By Marcus Tullius Cicero
This new translation makes probably the most vital texts in historical philosophy freshly to be had to trendy readers. Cicero used to be an clever and well-educated beginner thinker, and during this paintings he offers the foremost moral theories of his time in a manner designed to get the reader philosophically engaged within the very important debates. Raphael Woolf's translation does justice to Cicero's argumentative power in addition to to the philosophical rules concerned, whereas Julia Annas' advent and notes supply a transparent and available rationalization of the philosophical context of the paintings.
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Extra info for Cicero: On Moral Ends (Cambridge Texts in the History of Philosophy)
People who shun or loathe or avoid pleasure do not do so because it is pleasure, but because for those who do not know how to seek pleasure rationally great pains ensue. Nor again is there anyone who loves pain or pursues it or seeks to attain it because it is pain; rather, there are some occasions when eﬀort and pain are the means to some great pleasure. To take a slight example, which of us would ever do hard bodily exercise except to obtain some agreeable state as a result? On the other hand, who could ﬁnd fault with anyone who wished to enjoy a pleasure that had no harmful consequences – or indeed to avoid a pain that would not result in any pleasure?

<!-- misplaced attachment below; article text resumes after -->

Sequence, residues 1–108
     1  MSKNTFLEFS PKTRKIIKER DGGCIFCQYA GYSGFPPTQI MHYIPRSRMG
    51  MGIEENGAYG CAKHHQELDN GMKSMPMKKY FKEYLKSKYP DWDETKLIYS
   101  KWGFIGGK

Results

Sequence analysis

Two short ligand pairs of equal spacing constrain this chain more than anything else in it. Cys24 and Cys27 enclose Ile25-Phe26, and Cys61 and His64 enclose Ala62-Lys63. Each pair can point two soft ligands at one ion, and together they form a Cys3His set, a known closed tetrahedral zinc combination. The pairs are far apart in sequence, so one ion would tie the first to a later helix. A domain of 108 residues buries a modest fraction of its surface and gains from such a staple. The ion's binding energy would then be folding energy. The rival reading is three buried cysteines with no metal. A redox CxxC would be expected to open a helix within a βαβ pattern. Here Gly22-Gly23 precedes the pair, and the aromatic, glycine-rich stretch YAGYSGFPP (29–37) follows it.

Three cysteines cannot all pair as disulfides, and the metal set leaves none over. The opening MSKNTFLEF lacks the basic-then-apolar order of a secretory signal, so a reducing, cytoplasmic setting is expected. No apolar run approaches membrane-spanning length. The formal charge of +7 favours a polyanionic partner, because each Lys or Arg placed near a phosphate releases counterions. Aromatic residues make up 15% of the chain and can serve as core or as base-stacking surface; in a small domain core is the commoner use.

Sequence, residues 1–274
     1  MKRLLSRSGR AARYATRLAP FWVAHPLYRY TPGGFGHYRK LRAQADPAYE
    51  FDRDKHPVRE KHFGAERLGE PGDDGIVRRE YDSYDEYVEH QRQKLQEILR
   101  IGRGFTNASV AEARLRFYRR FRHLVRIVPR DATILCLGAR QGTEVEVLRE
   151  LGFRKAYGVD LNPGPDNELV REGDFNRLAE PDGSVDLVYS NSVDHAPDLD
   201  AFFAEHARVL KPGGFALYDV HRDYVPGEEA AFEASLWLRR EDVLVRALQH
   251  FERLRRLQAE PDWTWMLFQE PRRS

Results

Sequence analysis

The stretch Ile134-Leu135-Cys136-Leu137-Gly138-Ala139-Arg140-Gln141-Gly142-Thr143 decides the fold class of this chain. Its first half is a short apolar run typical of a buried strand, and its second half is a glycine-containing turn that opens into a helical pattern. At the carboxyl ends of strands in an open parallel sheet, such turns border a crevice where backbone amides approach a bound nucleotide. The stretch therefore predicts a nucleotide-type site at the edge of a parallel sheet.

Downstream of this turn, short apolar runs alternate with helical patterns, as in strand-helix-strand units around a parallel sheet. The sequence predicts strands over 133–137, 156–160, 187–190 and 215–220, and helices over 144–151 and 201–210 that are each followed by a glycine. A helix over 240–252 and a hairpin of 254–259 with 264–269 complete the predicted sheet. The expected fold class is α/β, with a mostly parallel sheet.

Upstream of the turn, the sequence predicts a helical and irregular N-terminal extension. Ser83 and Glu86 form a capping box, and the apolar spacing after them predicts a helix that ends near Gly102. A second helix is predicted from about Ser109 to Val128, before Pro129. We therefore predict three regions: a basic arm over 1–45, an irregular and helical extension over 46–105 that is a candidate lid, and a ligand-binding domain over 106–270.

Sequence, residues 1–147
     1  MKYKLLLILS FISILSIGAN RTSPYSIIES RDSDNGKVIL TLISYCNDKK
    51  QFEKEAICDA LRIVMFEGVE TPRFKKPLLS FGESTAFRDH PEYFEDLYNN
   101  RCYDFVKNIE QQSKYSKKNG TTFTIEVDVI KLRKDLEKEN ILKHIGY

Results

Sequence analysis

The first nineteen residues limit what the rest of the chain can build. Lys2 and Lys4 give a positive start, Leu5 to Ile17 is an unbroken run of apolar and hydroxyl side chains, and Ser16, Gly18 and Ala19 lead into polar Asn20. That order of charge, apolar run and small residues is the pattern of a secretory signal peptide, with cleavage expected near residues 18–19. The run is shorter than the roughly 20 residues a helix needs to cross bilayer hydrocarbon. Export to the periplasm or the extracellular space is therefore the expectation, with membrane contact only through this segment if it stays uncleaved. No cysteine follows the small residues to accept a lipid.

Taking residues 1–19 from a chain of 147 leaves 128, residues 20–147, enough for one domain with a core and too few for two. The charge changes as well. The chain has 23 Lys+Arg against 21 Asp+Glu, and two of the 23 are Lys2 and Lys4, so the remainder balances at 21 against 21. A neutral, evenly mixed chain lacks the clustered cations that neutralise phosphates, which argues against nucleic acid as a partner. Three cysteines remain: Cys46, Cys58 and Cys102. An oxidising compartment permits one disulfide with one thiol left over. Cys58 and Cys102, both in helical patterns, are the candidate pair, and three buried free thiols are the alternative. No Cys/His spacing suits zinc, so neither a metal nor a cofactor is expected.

Now since the highest or greatest or ultimate good – what the Greeks call the telos – is that which is a means to no other end, but rather is itself the end of all other things, then it must be admitted that the highest good is to live pleasantly. ‘Those who locate the highest good in virtue alone, beguiled by the splendour of a name, fail to understand nature’s requirements. Such people would be freed from egregious error if they listened to Epicurus. Those exquisitely beautiful virtues of yours – who would deem them praiseworthy or desirable if they did not result in pleasure?
To be in such a state one must have a strength of mind which fears neither death nor pain, since in death there is no sensation, and pain is generally longlasting but slight, or serious but brief. Thus intense pain is moderated by its short duration, and chronic pain by its lesser force. 36 ‘Imagine on the other hand someone worn down by the greatest mental and physical pain that can befall a person, with no hope that the burden might one 36 Torquatus is paraphrasing the ﬁrst four of Epicurus’ Principal Doctrines: ’() What is blessed and indestructible neither has troubles itself nor produces them for anything else, so that it is aﬀected by feelings neither of anger nor of gratitude.
Cicero: On Moral Ends (Cambridge Texts in the History of Philosophy) by Marcus Tullius Cicero